• #10
446
1
If the a's are nonnegative integers and x=35, then the value of your polynomial is an integer. e^e is not an integer, if e is the usual constant represented by e=2.7182... What does that e^e mean?

Hi Dick! I am not certain but is it a infinite series?
 
  • #11
VietDao29
Homework Helper
1,424
3
Hi Dick! I am not certain but is it a infinite series?

Please type in exactly what the problem tells you. Otherwise, we cannot help you much.. As a matter of fact, we cannot guess what you problem might be.. :( If you are not even certain about the problem, how can we suppose to know it? :frown:
 
  • #12
365
0
[tex] e^x = \sum_{n=0}^\infty \frac{x^n}{n!} = 1 + x + \frac{x^2}{2!} + \frac{x^3}{3!} + \cdots,[/tex]

is infinite.

Could you possibly provide relevant equations or something?
 
  • #13
446
1
Please type in exactly what the problem tells you. Otherwise, we cannot help you much.. As a matter of fact, we cannot guess what you problem might be.. :( If you are not even certain about the problem, how can we suppose to know it? :frown:

The question goes like this(without a single omission):

Let f(x)=[itex]a_0+a_1x+a_2x^2+...+a_nx^n[/itex] ,where [itex]a_0,a_1,a_2,...,a_n[/itex]
are nonnegative integers. If f(1)=8 and f(35)=[itex]e^e[/itex] , find f(7).

Answer is 512.

Thanks in advance
 
Last edited:
  • #14
VietDao29
Homework Helper
1,424
3
The question goes like this(without a single omission):

Let f(x)=[itex]a_0+a_1x+a_2x^2+...+a_nx^n[/itex] ,where [itex]a_0,a_1,a_2,...,a_n[/itex]
are nonnegative integers. If f(1)=8 and f(35)=[itex]e^e[/itex] , find f(7).

Answer is 512.

Thanks in advance

As Dick has pointed out,

Since a0, a1, ..., an are all non-negative integers. it must follow that: f(35) is an integer.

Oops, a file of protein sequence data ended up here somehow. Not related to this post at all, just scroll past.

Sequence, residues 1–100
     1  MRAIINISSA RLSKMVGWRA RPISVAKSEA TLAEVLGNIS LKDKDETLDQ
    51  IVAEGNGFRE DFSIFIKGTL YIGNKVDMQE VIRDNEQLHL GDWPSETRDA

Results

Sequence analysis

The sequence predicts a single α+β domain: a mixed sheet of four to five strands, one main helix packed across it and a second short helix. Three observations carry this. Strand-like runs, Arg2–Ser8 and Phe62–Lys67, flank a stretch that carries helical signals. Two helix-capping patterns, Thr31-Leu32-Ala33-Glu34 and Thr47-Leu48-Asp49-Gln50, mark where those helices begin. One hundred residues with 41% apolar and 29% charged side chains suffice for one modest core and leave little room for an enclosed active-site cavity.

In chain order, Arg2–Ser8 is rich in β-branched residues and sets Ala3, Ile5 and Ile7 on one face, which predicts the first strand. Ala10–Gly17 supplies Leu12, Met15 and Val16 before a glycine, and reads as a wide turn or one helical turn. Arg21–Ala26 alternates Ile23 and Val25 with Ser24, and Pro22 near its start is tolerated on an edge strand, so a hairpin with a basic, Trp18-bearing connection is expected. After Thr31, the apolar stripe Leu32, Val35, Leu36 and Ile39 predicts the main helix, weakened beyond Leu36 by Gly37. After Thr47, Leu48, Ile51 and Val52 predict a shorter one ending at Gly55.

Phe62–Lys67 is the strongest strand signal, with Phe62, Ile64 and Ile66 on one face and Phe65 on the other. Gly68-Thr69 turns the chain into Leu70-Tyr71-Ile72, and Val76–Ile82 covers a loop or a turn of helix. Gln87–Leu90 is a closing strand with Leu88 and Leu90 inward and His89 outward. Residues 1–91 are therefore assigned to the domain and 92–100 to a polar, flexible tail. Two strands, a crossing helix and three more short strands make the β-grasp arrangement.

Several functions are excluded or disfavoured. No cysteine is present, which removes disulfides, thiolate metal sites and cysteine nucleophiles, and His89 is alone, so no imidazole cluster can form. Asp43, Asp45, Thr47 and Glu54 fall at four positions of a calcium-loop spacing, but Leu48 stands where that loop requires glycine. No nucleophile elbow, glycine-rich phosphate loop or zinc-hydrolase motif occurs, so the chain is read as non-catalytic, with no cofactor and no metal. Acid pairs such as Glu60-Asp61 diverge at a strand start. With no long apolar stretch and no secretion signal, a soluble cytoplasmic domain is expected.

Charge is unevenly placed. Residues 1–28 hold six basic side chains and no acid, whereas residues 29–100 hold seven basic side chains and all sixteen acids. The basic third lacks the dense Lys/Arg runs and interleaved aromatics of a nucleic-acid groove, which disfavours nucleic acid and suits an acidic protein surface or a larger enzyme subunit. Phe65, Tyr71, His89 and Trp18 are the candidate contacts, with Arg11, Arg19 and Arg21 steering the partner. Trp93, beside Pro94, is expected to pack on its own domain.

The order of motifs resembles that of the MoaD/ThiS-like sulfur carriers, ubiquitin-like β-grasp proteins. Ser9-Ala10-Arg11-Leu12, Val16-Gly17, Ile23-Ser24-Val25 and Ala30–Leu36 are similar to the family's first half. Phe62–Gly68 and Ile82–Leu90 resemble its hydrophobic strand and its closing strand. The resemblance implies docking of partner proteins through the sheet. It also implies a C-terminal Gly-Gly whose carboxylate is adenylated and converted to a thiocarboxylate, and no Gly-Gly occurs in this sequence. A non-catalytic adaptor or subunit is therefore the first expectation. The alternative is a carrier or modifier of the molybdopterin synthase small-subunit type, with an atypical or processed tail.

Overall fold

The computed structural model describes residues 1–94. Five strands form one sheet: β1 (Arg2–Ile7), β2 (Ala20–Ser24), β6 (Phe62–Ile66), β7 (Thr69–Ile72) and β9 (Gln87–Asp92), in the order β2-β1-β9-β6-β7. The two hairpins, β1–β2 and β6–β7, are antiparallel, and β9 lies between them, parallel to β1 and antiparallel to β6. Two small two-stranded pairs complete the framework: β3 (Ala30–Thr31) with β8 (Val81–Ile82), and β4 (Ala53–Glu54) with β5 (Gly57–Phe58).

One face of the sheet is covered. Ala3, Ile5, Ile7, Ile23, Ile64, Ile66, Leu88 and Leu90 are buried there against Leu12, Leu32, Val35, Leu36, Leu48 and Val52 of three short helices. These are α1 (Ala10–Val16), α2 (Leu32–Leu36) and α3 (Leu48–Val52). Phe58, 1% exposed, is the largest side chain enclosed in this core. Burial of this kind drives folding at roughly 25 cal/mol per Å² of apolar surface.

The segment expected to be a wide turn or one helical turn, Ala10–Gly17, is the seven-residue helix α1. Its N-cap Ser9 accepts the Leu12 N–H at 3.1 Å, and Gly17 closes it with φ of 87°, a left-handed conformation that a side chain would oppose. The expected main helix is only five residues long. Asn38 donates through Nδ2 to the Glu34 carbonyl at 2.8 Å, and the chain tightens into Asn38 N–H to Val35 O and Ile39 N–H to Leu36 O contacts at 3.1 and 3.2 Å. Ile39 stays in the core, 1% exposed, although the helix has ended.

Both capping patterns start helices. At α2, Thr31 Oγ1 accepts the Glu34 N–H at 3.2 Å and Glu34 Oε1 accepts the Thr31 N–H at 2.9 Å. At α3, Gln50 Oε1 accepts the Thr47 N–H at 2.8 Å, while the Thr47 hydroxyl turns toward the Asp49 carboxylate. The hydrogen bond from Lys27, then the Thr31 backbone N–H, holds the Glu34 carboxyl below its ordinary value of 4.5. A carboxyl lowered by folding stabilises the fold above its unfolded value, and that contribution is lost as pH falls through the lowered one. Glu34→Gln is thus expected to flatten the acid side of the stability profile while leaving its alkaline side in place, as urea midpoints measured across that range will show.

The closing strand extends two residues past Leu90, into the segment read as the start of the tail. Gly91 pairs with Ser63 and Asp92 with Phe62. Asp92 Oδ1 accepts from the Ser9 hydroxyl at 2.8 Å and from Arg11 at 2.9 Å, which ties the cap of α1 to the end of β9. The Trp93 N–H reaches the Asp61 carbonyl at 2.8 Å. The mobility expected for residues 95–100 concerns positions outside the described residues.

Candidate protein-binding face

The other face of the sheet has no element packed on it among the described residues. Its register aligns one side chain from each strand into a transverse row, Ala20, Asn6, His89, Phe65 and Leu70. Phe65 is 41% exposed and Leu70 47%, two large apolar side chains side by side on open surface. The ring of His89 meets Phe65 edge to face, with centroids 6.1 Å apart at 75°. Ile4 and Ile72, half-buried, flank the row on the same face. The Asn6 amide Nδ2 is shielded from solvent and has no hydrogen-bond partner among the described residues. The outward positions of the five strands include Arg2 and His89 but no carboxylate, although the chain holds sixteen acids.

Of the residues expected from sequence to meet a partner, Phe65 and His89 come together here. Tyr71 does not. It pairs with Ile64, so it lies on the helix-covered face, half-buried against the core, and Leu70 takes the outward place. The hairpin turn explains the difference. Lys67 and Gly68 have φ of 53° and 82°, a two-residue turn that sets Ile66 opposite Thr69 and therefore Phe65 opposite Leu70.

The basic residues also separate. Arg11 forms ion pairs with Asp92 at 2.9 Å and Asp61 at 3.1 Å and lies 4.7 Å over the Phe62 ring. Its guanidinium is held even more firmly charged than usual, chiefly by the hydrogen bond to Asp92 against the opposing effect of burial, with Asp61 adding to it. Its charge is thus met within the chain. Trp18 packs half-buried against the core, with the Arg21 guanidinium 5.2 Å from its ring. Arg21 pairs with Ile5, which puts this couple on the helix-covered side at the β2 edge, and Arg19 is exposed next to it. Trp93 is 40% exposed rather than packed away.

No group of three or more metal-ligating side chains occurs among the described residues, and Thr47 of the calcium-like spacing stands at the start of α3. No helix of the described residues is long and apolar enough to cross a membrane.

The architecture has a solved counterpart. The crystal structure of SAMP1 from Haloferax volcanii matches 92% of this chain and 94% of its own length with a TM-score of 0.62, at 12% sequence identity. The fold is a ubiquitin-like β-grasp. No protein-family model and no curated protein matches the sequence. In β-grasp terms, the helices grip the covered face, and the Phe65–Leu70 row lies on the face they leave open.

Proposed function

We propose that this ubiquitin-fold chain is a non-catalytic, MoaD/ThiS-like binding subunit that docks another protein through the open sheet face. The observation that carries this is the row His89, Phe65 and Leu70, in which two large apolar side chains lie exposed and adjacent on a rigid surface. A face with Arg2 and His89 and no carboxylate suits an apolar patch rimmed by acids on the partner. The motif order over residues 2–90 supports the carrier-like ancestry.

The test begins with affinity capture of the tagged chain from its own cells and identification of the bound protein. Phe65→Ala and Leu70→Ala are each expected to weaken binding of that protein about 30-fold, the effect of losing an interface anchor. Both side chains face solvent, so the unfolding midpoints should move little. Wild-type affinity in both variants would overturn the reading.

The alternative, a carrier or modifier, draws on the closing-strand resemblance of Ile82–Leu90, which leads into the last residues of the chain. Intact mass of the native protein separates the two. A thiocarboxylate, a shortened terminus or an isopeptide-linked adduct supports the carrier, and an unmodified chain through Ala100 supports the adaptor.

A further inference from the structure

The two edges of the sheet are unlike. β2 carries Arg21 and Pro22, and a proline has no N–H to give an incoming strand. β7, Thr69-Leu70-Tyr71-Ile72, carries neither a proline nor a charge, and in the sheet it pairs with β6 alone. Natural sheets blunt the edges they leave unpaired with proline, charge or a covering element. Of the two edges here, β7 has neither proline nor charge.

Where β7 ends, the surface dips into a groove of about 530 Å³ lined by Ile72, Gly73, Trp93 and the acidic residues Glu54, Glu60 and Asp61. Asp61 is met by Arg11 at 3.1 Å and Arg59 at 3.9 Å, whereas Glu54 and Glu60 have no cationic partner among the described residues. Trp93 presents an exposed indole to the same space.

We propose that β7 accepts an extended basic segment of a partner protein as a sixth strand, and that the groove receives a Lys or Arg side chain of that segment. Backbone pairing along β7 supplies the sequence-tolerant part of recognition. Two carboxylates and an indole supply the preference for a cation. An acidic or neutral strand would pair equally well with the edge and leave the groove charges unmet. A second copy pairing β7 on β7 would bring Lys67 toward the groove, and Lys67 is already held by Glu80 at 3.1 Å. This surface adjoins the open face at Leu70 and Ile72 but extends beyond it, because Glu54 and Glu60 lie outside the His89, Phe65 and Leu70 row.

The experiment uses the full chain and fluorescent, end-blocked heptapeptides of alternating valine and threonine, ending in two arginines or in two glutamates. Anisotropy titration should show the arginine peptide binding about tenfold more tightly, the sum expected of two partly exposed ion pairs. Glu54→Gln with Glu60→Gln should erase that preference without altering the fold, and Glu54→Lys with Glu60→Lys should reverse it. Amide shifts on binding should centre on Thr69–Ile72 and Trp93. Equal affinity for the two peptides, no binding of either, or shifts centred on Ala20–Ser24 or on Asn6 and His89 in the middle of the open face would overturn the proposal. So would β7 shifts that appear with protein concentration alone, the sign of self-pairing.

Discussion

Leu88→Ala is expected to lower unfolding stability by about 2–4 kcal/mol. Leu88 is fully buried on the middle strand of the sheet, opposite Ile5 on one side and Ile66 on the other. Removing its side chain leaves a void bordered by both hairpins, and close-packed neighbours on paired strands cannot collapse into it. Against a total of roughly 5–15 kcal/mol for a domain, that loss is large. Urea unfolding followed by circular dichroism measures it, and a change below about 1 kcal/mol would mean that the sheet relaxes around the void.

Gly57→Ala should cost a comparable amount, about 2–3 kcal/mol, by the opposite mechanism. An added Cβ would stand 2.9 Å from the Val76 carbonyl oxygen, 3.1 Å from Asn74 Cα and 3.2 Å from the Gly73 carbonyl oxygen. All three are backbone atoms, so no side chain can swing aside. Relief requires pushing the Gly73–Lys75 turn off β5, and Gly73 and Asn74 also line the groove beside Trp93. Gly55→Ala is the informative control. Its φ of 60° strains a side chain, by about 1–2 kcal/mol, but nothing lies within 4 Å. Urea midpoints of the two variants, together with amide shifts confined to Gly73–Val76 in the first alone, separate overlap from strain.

I'm positively sure that you have copied the problem down incorrectly. I may suggest you ask some of your friends to get the correct version of it, then re-post it here; or you can contact your professor. :)
 
  • #15
365
0
Even if he have the correct value for f(35), I am quite sure that the task can't be solved. I tried various techniques but still no result.

Regards.
 
  • #16
446
1
Even if he have the correct value for f(35), I am quite sure that the task can't be solved. I tried various techniques but still no result.

Regards.

Thanks Guys! I verified with my professor and he said he made a mistake.
f(35) ought to be [tex]6^6[/tex] and not [tex]e^e[/tex]
 
  • #17
Dick
Science Advisor
Homework Helper
26,263
619
Thanks Guys! I verified with my professor and he said he made a mistake.
f(35) ought to be [tex]6^6[/tex] and not [tex]e^e[/tex]

Now we are getting somewhere. Since the a's are nonnegative integers and f(1)=0 you can see n is at most 7 and all a's sum to 8. There's only a finite (but large) number of ways to do that. But you can also notice 35^4>6^6. What does that tell you? After that I'd just start guessing by adding combinations of 35^0, 35^1, 35^2, 35^3 to try and find the a's. In fact, since 8<35 you can actually think of the polynomial as expressing the number 6^6 in base 35. (Base as in decimal, binary, etc).